A day back, Divyansh Singh Panwar was calm after his match at the Beijing World Cup. He had just stepped off the podium, gold medal around his neck, after winning the 10 m air rifle mixed event with Anjum Moudgil. The reason for his composure, as the India junior rifle high performance coach Suma Shirur mentioned, was that a bigger competition awaited him.
On Friday, the 16-year-old was on the podium again, winning silver in the individual air rifle event. He was the youngest player to make it to the final on the day, the only one to shoot only one shot below 10.0 in the final, and one of only three in that eight-man final to score a perfect 10.9 shot – Panwar’s came at the most opportune moment, taking him up from third to second.
“To win a medal for India has always been my dream and I am happy to have done that today also,” he says after the match. “There was some pressure, but that’s also in the case of a junior, state or national championship.”
The numbers pushed him up the rank, and with it, earned India a quota for the 2020 Tokyo Olympics. Since the country already holds two quotas in the women’s air rifle event, with Panwar’s third, India can now field a mixed rifle team in Japan.
Panwar was just six when Abhinav Bindra won the country’s only individual gold medal at the 2008 Olympics – Panwar’s silver comes in the very same city as Bindra’s triumph.
“I’ve never met him, but I have seen him during competitions,” says the youngster. “As a 10m air rifle shooter, all of us aspire to be like him. Maybe I will be able to (meet) him in the future.” Incidentally, Bindra had won the 10m air rifle Olympic gold at the same venue in 2008.
His total score in the final, 249.0, was higher than the gold medal score at the 2018 World Championships in Changwon, and the 629.2 that he notched in the qualifiers – which is his highest score in international competition – would have ranked him fifth in the qualification round of there.
Here’s the break down of how the youngster, in only his second senior-level World Cup, rose from being a shooting rookie to a surprise medallist, earning India a quota.
Panwar scored a tally of 629.2 to finish third, behind veteran Hungarian Peter Sidi (629.7) and Russian Vladimir Maslennikov (632.7). In qualification, Panwar consistently hit high scoring shots, falling below the 10.0 mark just once – when he scored 9.9 in the 10th shot of the first series.
Finals: First competition stage, Series 1
Panwar started strongly with a shot of 10.7, followed by a good 10.6 before finishing with a score of 52.0 which put him in second place. In the lead was China’s Zicheng Hui, who already holds an Olympic quota, with a score of 52.8. Should Hui finish the finals in the top two, then the remaining podium finishers would earn a spot at Tokyo.
Finals: First competition stage, Series 2
Another strong start with a 10.6 and 10.7, but Panwar dropped the pace a notch as he ended the series at 103.7 and fell a spot down to third place. Russian Grigorii Shamakov overtook the youngster with a score of 103.9, while Hui remained in the lead with 105.5. The elimination round started next.
Finals: Elimination stage, Series 1
Panwar shot 10.4 and 10.3 to take his tally to 124.4. He remained in third place behind Shamakov (125.0) and Hui (126.2). South Korea’s Taeyun Nam was eliminated (119.5).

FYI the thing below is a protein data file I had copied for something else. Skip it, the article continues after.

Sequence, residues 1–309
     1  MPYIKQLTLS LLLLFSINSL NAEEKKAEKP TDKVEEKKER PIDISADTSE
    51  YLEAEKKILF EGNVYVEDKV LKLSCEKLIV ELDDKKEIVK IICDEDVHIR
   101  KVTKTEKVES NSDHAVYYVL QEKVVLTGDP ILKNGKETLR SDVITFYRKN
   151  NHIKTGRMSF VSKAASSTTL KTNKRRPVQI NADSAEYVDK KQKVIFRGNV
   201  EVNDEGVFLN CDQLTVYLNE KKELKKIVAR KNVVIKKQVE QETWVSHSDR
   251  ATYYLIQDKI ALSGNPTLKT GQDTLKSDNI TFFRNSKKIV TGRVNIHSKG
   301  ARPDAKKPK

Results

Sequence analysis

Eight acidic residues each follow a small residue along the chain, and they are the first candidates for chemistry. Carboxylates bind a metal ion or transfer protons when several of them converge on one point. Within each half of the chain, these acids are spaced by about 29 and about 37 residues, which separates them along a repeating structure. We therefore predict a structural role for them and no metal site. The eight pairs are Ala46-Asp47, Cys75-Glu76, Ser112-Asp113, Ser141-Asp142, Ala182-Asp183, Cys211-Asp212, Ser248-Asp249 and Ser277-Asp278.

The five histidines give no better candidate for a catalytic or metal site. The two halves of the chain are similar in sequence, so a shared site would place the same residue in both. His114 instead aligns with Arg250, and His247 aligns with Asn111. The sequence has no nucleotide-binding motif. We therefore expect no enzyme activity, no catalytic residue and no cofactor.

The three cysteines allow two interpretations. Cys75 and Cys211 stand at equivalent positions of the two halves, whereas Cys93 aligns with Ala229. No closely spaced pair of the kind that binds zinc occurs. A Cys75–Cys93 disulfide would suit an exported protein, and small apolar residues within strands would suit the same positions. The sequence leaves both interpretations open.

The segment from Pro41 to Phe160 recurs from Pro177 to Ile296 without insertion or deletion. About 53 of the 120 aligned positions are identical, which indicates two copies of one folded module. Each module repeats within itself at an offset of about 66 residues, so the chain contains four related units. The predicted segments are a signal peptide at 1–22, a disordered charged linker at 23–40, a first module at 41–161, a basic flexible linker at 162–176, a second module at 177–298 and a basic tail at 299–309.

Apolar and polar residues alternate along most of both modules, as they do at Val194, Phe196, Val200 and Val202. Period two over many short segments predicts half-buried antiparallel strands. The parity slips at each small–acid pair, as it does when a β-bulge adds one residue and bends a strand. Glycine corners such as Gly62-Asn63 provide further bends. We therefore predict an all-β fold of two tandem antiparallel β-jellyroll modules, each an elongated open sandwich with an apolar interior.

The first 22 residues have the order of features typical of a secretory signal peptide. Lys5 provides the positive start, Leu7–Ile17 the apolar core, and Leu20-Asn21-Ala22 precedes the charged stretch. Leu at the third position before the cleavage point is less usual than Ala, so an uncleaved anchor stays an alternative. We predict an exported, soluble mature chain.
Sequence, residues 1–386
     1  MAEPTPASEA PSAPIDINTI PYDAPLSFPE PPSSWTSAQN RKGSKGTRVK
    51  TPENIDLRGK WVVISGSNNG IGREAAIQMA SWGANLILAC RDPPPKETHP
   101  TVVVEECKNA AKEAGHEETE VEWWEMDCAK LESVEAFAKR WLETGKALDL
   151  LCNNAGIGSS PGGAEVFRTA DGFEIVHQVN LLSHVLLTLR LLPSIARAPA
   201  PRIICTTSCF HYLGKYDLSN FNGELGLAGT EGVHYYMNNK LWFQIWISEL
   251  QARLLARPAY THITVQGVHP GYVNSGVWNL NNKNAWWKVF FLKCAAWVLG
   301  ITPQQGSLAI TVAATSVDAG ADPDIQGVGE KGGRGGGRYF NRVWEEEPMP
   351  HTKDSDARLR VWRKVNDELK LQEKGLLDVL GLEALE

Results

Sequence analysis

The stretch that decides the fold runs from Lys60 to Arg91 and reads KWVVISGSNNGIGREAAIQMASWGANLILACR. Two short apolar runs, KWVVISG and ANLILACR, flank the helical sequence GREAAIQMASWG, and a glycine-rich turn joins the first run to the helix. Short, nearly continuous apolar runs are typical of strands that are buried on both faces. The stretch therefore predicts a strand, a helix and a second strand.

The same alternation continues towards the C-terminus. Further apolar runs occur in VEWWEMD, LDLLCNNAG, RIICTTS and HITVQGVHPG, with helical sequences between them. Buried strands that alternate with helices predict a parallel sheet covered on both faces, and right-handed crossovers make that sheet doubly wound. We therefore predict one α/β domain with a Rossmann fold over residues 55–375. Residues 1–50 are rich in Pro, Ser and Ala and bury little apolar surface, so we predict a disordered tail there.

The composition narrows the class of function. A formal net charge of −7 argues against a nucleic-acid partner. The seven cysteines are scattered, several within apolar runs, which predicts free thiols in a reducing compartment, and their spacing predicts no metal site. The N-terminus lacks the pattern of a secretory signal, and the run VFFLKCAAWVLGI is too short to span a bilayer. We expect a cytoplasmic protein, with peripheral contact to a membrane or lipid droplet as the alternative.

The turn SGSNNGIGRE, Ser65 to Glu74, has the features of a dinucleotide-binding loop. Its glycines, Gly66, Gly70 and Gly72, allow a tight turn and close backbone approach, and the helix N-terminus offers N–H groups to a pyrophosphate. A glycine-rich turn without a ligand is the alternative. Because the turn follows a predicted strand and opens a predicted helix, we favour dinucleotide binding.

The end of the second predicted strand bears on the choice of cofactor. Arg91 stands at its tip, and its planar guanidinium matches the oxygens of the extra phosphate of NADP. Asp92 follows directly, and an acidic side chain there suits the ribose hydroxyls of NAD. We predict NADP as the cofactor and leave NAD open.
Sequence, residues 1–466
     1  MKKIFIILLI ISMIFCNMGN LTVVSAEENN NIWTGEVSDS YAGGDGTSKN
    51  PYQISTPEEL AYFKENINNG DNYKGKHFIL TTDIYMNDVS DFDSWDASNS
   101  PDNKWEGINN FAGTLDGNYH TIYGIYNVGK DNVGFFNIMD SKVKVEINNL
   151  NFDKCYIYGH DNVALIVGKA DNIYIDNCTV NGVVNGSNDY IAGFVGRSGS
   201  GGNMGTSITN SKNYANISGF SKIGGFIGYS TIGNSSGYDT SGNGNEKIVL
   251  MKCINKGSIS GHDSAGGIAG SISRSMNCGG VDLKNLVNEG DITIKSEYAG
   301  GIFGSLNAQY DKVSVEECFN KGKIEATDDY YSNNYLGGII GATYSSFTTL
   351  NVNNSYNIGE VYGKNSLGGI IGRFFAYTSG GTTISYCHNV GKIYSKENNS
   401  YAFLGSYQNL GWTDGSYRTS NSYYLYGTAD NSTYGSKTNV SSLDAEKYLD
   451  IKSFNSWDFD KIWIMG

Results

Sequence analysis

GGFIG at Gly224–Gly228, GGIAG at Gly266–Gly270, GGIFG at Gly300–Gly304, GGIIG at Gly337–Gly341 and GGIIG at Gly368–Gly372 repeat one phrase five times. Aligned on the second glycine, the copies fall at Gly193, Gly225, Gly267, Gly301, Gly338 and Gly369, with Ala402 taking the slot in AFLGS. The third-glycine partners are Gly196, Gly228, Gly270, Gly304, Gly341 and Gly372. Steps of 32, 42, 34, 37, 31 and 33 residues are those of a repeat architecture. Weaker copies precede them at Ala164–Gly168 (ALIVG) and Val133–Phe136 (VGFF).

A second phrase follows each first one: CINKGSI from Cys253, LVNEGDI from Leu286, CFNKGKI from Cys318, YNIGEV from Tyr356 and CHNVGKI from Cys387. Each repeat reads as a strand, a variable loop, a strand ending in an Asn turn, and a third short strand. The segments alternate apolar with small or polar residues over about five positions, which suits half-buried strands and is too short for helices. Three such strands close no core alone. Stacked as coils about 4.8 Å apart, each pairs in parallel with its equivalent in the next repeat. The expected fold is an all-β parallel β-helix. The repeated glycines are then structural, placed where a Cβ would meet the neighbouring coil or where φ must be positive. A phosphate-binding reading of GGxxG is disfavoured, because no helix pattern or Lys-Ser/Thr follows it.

Finals: Elimination stage, Series 2
Panwar started well with a near-perfect 10.8, but then drops with a 9.5 – which would be the only time in the final that he shot below 10.1. His tally was now 144.7, and he’s now joint at fourth place with Omer Akgun of Turkey. Sidi had overtaken Panwar to go into third (144.8), Shamakov in second (146.0) and Hui continued to lead (147.4). At this point, Panwar had dropped out of the medal and Olympic quota range. Shao Chuan Lu of Taiwan was eliminated with a score of 142.6.
Finals: Elimination stage, Series 3
Sidi started with a low 9.9 and slipped down. Panwar meanwhile scored two shots of 10.3, and was now joint third (165.3) with two others — Maslennikov and Akgun. Shamakov remained in second (166.4) and Hui led (167.7). Sidi was knocked out (165.1).
Finals: Elimination stage, Series 4
Starting joint third with two other shooters, and with only five players left, Panwar shot an important 10.5 followed by an even better 10.7 to take his tally up to 186.5. He was now 0.2 points behind second-placed Shamakov (186.7), while Hui continued to lead with 188.4. Panwar was back third, back in medal contention and in position for a quota.
Akgun was eliminated (185.4).
Finals: Elimination stage, Series 5
Medal confirmed for India, and a quota for the Olympics! A 10.2 and a commanding 10.5 kept Panwar third with 207.2, 0.4 points short of Shamakov (207.6) and Hui on 208.9. Maslennikov was eliminated with a score of 206.7 – 0.5 ahead.
Finals: Elimination stage, Series 6
An excellent start for Panwar with a 10.9, followed by a decent 10.1. But the perfect shot took Panwar up to second position with a score of 228.2, 0.7 points better than third placed Shamakov at 227.5. The Russian was eliminated, winning bronze and an Olympic quota.
Hui still led with 229.5, a gap of 1.3.
Finals: Elimination stage, Series 7 — gold medal round
Hui starts badly with a 9.5 (239.0) and Panwar reduces the gap with a 10.3. (238.5). There’s no 0.5 point gap. Panwar then shoots a 10.5 to take his final score to 249.0. Hui needs a shot of 10.1 for gold, and strikes a 10.4 for the win with a score of 249.4. Panwar settles for silver, but earns a quota at the Olympics for the 10 m air rifle, and India can now also field a team for the air rifle mixed event.